College Expenses: New Options for Floridians

ByTroy Davis

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A little planning and saving now can deliver great returns for your family when children head off to college. If you are planning to fully or partially assist your child or grandchild with their tuition, consider these options to leverage every dollar effectively.

Coverdell Savings Account – Often called an “Education IRA”, the misnomer arises from the limited amount of contributions per recipient ($2000 per year) and the fact that investments grow tax-free until distributed for education expenses. The pros of a Coverdell include being able to be used for non-collegiate schooling, including private school K-12. The account cannot be funded past age 18, and must be fully withdrawn by age 30. A Coverdell ESA is considered an asset of the child for tuition assistance calculations.

529 College Savings Plan – Created to allow anyone to save for college, the 529 Savings Plan includes specific mutual fund or ETF investments, similar to an employer sponsored 401k plan. The 529 Plan allows for higher maximum contribution limits and contributions that can be made after age 18. A parent or grandparent can take advantage of accelerated gifting, which allows them to make up to 5 years of contributions at one time (up to $70,000 in the first year) without incurring any federal gift tax. Investments grow tax-free and if funds are used to fund qualified higher education expenses, there is no tax due on distribution. A 529 cannot be used for K-12, vocational school, or general school supplies. The 529 is an asset of the “plan holder” – student, parent or grandparent – the student is the “beneficiary”. This is an important distinction for scholarship consideration, as the asset can be excluded from tuition assistance calculations if owned by a grandparent or non-parent, non-student trustee. If the child does not attend college, the balance of the 529 can be returned to the plan trustee (taxes and penalty may apply), or a new beneficiary student can be named.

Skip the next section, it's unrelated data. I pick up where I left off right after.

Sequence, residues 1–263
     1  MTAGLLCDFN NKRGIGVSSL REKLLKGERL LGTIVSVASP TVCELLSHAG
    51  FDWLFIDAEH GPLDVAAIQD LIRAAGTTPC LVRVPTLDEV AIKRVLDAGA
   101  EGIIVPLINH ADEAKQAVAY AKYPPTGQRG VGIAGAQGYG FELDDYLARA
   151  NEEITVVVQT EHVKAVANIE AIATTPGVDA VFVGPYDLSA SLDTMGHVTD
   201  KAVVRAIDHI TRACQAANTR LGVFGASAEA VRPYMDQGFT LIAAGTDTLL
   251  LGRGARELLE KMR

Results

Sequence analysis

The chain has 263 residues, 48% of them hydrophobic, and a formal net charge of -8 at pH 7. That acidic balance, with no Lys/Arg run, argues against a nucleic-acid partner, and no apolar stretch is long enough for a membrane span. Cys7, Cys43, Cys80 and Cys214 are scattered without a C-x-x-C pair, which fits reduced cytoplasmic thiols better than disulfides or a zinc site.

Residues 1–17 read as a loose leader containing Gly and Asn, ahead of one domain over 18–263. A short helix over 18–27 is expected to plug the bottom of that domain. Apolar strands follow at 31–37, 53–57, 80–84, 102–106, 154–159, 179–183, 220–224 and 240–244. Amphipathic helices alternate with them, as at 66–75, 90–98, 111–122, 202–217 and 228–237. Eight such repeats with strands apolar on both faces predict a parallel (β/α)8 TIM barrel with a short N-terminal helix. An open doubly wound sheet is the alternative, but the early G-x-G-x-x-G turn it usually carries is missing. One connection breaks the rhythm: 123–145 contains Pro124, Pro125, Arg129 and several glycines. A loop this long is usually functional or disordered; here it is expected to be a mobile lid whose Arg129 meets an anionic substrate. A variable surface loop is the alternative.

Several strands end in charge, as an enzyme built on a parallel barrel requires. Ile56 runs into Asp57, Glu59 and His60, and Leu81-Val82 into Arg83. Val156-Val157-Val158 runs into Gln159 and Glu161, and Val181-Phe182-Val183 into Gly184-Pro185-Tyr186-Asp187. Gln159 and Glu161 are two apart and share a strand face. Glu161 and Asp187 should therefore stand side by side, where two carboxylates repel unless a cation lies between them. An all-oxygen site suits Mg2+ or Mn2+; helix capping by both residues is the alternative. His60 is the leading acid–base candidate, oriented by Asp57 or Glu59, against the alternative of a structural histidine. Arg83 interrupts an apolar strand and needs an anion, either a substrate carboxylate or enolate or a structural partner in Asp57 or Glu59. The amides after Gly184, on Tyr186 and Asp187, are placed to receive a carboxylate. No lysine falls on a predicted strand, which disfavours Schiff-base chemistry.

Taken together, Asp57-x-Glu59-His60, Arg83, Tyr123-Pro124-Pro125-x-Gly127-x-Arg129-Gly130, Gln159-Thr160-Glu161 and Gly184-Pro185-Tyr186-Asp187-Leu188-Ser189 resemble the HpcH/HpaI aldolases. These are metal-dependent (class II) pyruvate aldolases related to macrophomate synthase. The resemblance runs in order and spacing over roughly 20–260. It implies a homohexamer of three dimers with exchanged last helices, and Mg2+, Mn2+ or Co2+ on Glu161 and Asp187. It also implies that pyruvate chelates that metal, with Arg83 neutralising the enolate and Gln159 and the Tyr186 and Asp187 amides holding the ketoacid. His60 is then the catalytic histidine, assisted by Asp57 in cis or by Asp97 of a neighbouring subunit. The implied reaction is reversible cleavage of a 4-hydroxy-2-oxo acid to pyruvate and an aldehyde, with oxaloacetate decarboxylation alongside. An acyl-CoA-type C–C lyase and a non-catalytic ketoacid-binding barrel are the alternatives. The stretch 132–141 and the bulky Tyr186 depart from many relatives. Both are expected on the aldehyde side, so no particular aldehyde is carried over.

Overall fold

UTMA / UGMA Account –The Uniform Transfer to Minors Act (UTMA), otherwise known as the Unrestricted Tattoos, Motorcycles and Airfare account, can be established by a parent for the benefit of the minor. Investment options, such as stocks, bonds, and mutual funds, are unlimited. Gains, interest, and dividends are all subject to “kiddie tax” rules, meaning the first $2000 is partially sheltered; any taxes due above that threshold are taxed at the parent’s tax rate. The UTMA account is an asset of the minor and can be counted in tuition assistance calculations. There is no restriction on how it can be used to benefit the minor. An important stipulation to a UTMA account is that when the minor reaches the “age of majority” (age 18 – 21 in most states), the child can assume legal ownership of the account and use it for whatever they want – hence the alternate name “unrestricted tattoos, motorcycles, and airfare”.

Roth IRA – Roth IRA’s are post-tax IRA accounts. The IRA can be funded by a parent, provided they meet the income requirements set by the IRS. Earnings grow tax-free and can be distributed tax-free for retirement or qualified education expense, like college. The intent of the account is supposed to be for retirement savings, but some people use them akin to a Coverdell ESA with higher contribution limits.

Florida Pre-Paid Tuition – A new law may mean savings on college education for those using the Florida Prepaid College Plan. Florida Governor Rick Scott signed House Bill 851 into law in June 2015; because of this law, the prices of university prepaid plans will be significantly reduced, helping more Florida families save for their children’s higher education. According to the state, the lump sum price of the 4-Year Florida University Plan for a newborn is expected to drop nearly $20,000 from its current price of $54,000. Monthly payments for the same plan are expected to drop at least $100 from its current price of $350. 50,000 existing pre-paid plans are expected to see refunds or payment reductions due to the new law.

If you would like to discuss the options available for college planning, please speak with our advisory team. We can devise a custom tailored plan that maximizes the options available to the student and the assistance provider.

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